Blog | 24 Fun Facts about First Lady Rosalynn Carter

By Susan Hunsinger, program associate, and Katie Conner, former senior program associate, mental health program.

Former U.S. First Lady Rosalynn Carter, who turns 94 on Aug. 18, has been in the public eye since her husband Jimmy ran for Georgia governor 50 years ago.

She is best known for her advocacy for mental health issues, caregiver issues, as co-founder of The Carter Center and founder of the Rosalynn Carter Fellowships for Mental Health Journalism.

But there’s more to this “steel magnolia.”

How many of these facts do you know?

1. Rosalynn Smith Carter’s first name is Eleanor.

2. Mrs. Carter turns 94 on Aug. 18. She was born on the 7th anniversary of the ratification of the 19th Amendment granting women the right to vote.

3. Mrs. Carter was the first First Lady to establish an office in the east wing of the White House and have a projects staff.

4. The press dubbed Mrs. Carter the “steel magnolia” for her “sweetness and drive.”

5. Mrs. Carter loved the gown she wore for the Georgia Governor’s inaugural ball so much that she wore it again at Presidential inaugural ball—and was criticized for wearing it twice.

Photo of Rosalynn Carter wearing a light blue ball gown with gold trim and bodice.

(Photo: Jimmy Carter Presidential Library)

6. Mrs. Carter is a seamstress and used to make her daughter Amy’s clothes. She stopped sewing once she moved into the Governor’s Mansion because there was no time.

7. Fly fishing in a remote stream anywhere in the world is Mrs. Carter’s favorite thing to do.

8. Mrs. Carter has a rosean orchida camellia, and an azalea named for her.

9. Rosalynn Carter is an advocate for monarch butterfly conservation and inspired the establishment of the Rosalynn Carter Butterfly Trail, a network of monarch-friendly public and private gardens across the United States and beyond.

Close-up photo of a monarch butterfly.

The Rosalynn Carter Butterfly Trail helps preserve monarch butterflies’ habitats. (Photo:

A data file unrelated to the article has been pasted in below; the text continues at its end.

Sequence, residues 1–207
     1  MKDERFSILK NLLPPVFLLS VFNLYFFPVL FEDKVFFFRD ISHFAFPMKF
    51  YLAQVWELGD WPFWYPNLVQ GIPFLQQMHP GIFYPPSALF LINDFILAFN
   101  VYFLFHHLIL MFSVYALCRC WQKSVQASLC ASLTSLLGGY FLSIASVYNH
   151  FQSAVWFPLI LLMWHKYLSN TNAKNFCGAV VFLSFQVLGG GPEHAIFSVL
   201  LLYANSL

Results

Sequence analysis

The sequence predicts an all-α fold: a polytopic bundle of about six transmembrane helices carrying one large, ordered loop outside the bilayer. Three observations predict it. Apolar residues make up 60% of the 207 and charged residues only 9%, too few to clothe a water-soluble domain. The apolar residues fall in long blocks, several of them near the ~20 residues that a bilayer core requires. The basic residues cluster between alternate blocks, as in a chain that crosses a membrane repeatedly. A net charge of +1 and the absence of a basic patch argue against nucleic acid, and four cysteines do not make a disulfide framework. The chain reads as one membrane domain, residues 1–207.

10. Mrs. Carter was valedictorian of her Plains High School graduating class.

11. Mrs. Carter enjoys listening for turkeys calling in the Plains woods with President Carter when he goes hunting.

12. Rosalynn Carter learned how to hula in Hawaii during President Carter’s time in the U.S. Navy.

13. Mrs. Carter supports the Equal Rights Amendment (ERA) that constitutionally protected women’s rights in the late 1970s.

14. Rosalynn Carter was never a Girl Scout because there were no troop in Plains, Georgia. As First Lady, she was named an honorary scout, a custom extended to first ladies.

Black and white photo of Rosalynn Carter with uniformed members of the Girl Scouts of America.

Rosalynn Carter (center of room, middle back) poses with representatives from the Girl Scouts of America, March 11, 1977. (Photo: Jimmy Carter Presidential Library)

15. Lillian Gordy Carter, President Jimmy Carter’s mother, helped to deliver Rosalynn Carter in the house next door to his home.

16. President Jimmy Carter first “met” Rosalynn when he was three years old.

17. Former First Lady Rosalynn Carter is the sponsor of the last Seawolf submarine, the USS Jimmy Carter.

18. President and Mrs. Carter are both the eldest of four children.

19. Rosalynn Carter’s first book, First Lady from Plains, topped The New York Times non-fiction bestseller list.

Portrait of Rosalynn and Jimmy Carter sitting outside on a wooden bench.

(Photo: The Carter Center)

20. Mrs. Carter was the lead envoy on a U.S. delegation to seven Latin American and Caribbean countries in 1977.

21. Rosalynn Carter’s mother, Allie Murray Smith, graduated from Georgia State College for Women in Milledgeville, now Georgia College & State University.

22. As honorary chair of the Last Acts Campaign to improve end of life care, Mrs. Carter was an early advocate for the hospice movement and palliative care.

23. Mrs. Carter was a key advocate for passage of legislation during the Carter administration requiring vaccinations for school children.

24. Rosalynn Carter is opposed to the death penalty.

Related Resources

Read Honoring 50 Years of Mental Health Leadership »

This blog was written by Susan Hunsinger, program associate, and Katie Conner, former senior program associate, Carter Center Mental Health Program. It originally appeared here on, the official website of the Rosalynn Carter Fellowships for Mental Health Journalism.

Melissa Montgomery, special assistant to Rosalynn Carter; Curtis Kohlhaas, Carter Center chief development officer; Kathy Cade, vice chair of the Carter Center’s Board of Trustees; and Steven Hochman, director of research and faculty assistant to President Jimmy Carter, contributed to this article.

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